Setting Up a Multi-Container Development Environment with Docker
July 27, 2020

In this post we will set up a development environment for an application that will be using multiple Docker containers.
The application is a Fibonacci number calculator, which consists of the following services:

  • A react frontend (client).
  • A Node.js backend (server).
  • A Redis worker.
  • An Nginx router.
  • A Postgres database.

How the application works:

A user will enter a random index on the browser, the backend saves the index in the database and redis; thereafter it triggers a redis insert event. This event will be handled by the redis worker, which will calculate the fibonacci value for the index, and finally insert in redis the index and value as key value pairs.

A user will then reload the application and see the following:

  • The indexes posted so far (retrieved from the database).
  • The indexes posted and their corresponding fibonacci values (retrieved from redis).


This post assumes that you already have some basic knowledge on docker and git, however, i will explain all the docker commands used in this post. Some good resources to get you up and running include:

Project Setup

  1. Install docker using this installation guide
  2. Install docker-compose using this installation guide.
  3. Confirm you have docker and docker-compose installed in your machine by checking their versions on your terminal.

# confirm docker is installed by checking the version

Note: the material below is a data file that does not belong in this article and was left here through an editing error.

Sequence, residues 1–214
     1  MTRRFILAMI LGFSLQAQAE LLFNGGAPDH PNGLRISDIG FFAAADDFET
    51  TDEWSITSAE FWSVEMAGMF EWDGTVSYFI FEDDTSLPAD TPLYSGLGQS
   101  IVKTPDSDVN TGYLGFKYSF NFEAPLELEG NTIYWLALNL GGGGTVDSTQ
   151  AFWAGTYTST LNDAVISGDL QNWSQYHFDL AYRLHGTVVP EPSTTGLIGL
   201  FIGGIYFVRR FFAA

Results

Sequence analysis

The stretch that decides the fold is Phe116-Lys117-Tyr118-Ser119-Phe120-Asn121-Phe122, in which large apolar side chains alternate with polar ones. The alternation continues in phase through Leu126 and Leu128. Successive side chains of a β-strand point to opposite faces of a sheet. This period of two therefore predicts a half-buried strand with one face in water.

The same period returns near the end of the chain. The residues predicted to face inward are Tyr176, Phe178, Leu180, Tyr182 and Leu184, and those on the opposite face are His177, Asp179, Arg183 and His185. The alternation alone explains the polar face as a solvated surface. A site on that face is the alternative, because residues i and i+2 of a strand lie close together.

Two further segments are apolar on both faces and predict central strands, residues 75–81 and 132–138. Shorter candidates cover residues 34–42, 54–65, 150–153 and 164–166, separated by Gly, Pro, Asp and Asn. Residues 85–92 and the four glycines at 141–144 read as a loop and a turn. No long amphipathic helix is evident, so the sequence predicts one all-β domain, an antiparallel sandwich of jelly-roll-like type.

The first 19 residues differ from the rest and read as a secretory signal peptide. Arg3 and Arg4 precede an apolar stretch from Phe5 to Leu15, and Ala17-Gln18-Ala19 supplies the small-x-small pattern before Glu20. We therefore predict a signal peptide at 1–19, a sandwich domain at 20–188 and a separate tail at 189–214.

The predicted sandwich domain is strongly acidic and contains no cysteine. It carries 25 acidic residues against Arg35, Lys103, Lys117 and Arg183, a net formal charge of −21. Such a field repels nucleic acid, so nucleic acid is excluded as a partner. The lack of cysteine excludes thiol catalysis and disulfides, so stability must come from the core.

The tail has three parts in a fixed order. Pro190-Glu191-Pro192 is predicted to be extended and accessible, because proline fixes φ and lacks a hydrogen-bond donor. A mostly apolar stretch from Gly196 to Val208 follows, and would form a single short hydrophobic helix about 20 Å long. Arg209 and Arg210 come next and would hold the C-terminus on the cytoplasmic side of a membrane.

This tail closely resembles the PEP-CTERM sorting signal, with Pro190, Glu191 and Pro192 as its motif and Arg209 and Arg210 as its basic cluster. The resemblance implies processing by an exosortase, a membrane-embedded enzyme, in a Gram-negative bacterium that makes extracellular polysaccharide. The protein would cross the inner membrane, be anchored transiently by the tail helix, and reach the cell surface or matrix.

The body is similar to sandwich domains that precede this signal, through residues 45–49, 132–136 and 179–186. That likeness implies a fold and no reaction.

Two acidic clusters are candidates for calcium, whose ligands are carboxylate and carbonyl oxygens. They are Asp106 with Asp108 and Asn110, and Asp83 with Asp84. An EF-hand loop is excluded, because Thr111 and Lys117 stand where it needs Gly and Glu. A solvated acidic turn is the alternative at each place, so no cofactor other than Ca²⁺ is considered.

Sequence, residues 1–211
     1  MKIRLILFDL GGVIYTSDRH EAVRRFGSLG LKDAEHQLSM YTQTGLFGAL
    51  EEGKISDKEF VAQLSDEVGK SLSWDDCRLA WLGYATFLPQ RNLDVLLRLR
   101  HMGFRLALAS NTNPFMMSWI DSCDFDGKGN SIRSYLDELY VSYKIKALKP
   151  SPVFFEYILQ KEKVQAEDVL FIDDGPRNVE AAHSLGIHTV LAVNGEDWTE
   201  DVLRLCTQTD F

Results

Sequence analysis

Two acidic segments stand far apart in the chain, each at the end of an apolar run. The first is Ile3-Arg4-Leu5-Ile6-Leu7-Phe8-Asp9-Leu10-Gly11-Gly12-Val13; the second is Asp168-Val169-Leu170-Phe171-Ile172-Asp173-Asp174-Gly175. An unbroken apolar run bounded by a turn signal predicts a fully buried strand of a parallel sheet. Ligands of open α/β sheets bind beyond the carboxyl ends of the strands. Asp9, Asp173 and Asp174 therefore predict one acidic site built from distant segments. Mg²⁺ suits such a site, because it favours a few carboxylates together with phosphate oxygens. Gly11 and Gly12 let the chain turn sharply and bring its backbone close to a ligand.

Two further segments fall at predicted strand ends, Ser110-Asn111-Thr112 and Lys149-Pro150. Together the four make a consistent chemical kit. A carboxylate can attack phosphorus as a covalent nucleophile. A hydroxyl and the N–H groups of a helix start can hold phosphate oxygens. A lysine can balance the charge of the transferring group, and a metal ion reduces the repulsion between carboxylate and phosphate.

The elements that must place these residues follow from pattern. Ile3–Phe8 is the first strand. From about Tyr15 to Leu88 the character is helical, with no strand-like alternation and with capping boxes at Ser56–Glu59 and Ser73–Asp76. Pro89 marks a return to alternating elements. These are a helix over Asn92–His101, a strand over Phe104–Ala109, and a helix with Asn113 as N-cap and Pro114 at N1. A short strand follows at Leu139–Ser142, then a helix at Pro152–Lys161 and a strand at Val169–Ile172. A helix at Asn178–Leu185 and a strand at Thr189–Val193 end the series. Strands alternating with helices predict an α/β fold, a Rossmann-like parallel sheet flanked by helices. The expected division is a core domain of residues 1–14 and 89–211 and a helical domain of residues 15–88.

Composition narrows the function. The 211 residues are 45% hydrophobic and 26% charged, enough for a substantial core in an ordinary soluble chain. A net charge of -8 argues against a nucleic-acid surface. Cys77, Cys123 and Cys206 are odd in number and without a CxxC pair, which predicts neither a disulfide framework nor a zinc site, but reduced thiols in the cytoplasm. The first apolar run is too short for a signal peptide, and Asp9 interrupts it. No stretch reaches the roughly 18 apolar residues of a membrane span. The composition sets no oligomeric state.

docker --version
Docker version 19.03.8, build afacb8b

# confirm docker compose is installed by checking the version
docker-compose --version
docker-compose version 1.25.5, build 8a1c60f6
  1. git clone the sample project from here and cd into the fib-calculator directory.

Creating a docker file for the client container

  1. cd into the client directory and create a docker file named We will be naming our docker files with a *.dev extension so that we can differentiate them from the production docker file’s in future.
  2. Add the following lines of code in the file:

   FROM node:alpine
   WORKDIR '/app'
   COPY ./package.json ./
   RUN yarn install
   COPY . .
   CMD ["yarn", "start"]

The FROM node:alpine pulls the Node.js base image from the docker hub (docker registry). We are using the alpine version of Node.js which is a bit lightweight for development purposes.

The WORKDIR '/app' sets the working directory inside our container to /app, which is where all our project files and folders will live.

The COPY ./package.json ./ copies the package.json file from our machine to the current working directory inside the container.

The RUN yarn install installs all the dependencies specified in the package.json file.

The COPY . . copies all the files and folders inside the client directory into our current working directory.

Finally, CMD ["yarn", "start"] command defines the start up command for the container. This command is also defined inside the package.json file.

Creating a docker file for the server container